Springing traps is a timed affair for traps with a charge time and a physical act where you must lure the unsuspecting thug into the “zone” and press the corresponding controller button. The A.I. is predictable in that they will almost always follow you in a direct line-of-sight pattern and they will take the same route through a level if you want to instigate a circular chase pattern, but these guys aren’t stupid. Once they spring a trap they will remember where it is and avoid it the next time around, forcing you to relocate your traps and often rethink your combos multiple times per level.
TRAPT offers two modes of play; Story mode and Survival mode. Survival mode can be quite challenging since you are only allowed to use nine total traps to defeat all the enemies in the battle. Story mode plays out, as you would expect with the difficulty ramping up as you near the end of the game. This just forces you to be more creative with your trap locations and combo designs.
TRAPT isn’t the prettiest girl at the dance but she has some really nice moves. The levels are rather dull and uninspired and other than the details character model of Allura, the rest of the cast is not that exciting to watch in action. The traps are easily the highlight of the show and really show off some cool animations with hilariously twisted results.
Since this is a stop-action strategy game a lot of your time will be spent in menus and setup screens. These are laid out nicely with easy-to-read text and visuals and the control scheme gives you the ability to rotate and move about the levels easily to find the right place to lay your traps.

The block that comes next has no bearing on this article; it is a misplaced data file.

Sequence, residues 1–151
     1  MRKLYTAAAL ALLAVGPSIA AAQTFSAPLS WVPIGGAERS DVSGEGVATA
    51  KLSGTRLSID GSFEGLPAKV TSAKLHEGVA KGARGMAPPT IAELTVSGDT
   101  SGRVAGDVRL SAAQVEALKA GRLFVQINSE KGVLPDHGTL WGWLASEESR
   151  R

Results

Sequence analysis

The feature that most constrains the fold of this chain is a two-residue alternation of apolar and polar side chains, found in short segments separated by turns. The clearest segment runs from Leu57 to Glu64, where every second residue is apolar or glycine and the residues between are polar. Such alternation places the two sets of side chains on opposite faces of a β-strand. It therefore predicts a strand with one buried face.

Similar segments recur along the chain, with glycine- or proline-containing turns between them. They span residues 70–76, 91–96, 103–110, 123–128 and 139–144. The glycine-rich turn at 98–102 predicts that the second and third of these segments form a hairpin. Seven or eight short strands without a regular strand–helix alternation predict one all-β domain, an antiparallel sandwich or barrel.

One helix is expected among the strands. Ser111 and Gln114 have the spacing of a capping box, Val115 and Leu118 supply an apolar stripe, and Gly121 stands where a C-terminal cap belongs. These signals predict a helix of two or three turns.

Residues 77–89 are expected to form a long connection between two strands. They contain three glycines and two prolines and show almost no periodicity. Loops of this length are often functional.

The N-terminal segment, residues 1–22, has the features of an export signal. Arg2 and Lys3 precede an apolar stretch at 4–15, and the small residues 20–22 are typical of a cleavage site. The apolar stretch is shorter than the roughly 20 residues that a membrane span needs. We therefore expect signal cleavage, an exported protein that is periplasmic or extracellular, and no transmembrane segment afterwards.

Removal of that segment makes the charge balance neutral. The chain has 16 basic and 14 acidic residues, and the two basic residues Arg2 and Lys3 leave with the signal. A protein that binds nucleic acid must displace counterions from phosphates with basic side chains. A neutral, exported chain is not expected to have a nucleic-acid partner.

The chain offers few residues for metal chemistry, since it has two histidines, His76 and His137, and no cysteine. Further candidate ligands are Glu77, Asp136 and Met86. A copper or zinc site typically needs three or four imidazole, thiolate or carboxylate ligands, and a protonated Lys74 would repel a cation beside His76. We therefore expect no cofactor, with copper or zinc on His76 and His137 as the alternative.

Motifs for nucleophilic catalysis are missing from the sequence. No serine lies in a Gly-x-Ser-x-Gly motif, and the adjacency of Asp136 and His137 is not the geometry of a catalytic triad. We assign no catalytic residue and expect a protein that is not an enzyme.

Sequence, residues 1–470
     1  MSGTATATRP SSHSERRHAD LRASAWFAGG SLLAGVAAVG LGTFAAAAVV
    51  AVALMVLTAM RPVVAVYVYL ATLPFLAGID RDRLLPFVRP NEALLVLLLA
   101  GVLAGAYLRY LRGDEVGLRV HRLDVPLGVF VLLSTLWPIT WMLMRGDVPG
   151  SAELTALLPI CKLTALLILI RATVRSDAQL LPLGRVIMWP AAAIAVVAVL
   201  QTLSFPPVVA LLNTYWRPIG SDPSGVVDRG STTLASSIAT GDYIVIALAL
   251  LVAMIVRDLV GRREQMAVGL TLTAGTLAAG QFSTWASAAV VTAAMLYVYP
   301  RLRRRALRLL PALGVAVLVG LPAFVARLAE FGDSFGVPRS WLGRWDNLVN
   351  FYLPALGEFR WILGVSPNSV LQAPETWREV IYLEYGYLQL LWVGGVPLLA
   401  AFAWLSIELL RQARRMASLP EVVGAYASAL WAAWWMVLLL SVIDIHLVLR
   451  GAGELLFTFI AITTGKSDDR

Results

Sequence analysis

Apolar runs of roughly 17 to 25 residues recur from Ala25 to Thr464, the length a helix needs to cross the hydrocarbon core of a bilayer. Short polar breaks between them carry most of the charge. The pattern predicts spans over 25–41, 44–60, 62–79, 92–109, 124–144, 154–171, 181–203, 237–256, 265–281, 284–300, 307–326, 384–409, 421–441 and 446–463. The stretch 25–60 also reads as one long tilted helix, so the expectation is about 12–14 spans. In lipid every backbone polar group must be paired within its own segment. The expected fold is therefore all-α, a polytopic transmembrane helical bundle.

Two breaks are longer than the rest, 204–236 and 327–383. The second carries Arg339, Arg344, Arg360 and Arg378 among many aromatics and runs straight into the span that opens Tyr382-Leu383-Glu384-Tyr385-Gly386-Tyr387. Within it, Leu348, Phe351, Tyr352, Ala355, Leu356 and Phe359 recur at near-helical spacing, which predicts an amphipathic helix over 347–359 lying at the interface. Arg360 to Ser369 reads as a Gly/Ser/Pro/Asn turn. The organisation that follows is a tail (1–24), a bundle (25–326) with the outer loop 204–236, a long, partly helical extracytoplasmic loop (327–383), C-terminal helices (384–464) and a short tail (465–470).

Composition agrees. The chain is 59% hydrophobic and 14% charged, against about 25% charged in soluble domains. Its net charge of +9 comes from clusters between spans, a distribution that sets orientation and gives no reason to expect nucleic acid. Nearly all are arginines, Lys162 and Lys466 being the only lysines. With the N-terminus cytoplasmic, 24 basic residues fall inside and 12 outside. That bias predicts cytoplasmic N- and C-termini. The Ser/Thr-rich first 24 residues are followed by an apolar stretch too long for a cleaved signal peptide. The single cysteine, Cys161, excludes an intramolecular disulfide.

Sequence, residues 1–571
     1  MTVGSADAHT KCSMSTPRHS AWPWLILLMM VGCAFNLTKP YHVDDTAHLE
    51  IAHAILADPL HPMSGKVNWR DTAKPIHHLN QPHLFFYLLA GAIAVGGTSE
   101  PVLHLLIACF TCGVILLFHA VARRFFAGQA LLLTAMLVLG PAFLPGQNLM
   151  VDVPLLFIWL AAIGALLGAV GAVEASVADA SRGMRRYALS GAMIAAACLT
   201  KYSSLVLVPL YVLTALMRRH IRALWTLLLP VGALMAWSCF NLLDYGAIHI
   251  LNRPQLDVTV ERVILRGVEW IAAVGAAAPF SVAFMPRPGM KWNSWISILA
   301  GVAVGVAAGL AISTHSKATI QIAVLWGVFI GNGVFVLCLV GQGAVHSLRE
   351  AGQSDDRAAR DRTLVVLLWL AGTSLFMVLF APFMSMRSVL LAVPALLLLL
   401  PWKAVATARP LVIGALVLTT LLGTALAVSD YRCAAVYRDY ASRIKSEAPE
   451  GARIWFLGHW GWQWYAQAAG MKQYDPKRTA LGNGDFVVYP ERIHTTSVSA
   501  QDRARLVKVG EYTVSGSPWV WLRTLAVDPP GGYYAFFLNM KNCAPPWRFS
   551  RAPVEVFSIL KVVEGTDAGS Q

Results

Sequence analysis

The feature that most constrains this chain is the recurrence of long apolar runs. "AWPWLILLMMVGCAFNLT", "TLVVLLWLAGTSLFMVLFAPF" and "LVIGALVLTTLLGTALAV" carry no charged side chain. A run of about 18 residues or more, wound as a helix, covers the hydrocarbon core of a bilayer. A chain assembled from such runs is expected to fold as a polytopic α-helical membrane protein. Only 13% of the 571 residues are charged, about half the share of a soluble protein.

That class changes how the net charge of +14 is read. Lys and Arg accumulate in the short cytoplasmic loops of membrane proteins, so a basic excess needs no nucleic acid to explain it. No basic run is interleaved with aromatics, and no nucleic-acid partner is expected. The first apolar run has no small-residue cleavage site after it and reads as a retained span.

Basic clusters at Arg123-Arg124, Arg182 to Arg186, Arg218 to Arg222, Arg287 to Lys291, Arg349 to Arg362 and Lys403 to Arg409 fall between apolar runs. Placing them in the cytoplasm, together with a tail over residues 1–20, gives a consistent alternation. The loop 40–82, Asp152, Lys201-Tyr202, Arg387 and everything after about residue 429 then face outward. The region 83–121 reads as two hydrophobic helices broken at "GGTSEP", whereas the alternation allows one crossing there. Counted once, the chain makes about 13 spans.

There was nothing remarkable about the sound package. The voice acting was pretty bad but there isn’t that much of it. The music is forgettable and the sound effects are average at best. And with only mono or stereo sound options, there is no chance for any type of 3D immersion into the game levels.
Given the huge potential for comical sounds to accompany the twisted graphics and animations, TRAPT fails to live up to its potential in the audio department.
The story mode can last anywhere from 8-12 hours depending on how good you are. The Survival mode adds a few more hours onto that, and given the open-ended nature of the gameplay I’m sure those who really get into the twisted game design will find plenty of reasons to replay and try out new strategies.
Despite the ability to create new traps and customize your own combinations during gameplay, the traps do get a bit repetitive and once you have seen a guy impaled on spikes or lit on fire a dozen times it just loses some of its appeal.
TRAPT is one of those games that is wickedly fun to play, but it’s not all that deep of an experience or even that challenging until the very end where the enemies have an almost unnatural ability to detect your traps.
TRAPT is probably best played as a rental, at least until the price drops a bit. But if pain is your game and you love to inflict it in creative and Rube Goldberg-ish ways then TRAPT might be the twisted game you have been looking for. It is certainly one of the more original ideas to come to the PS2 this year.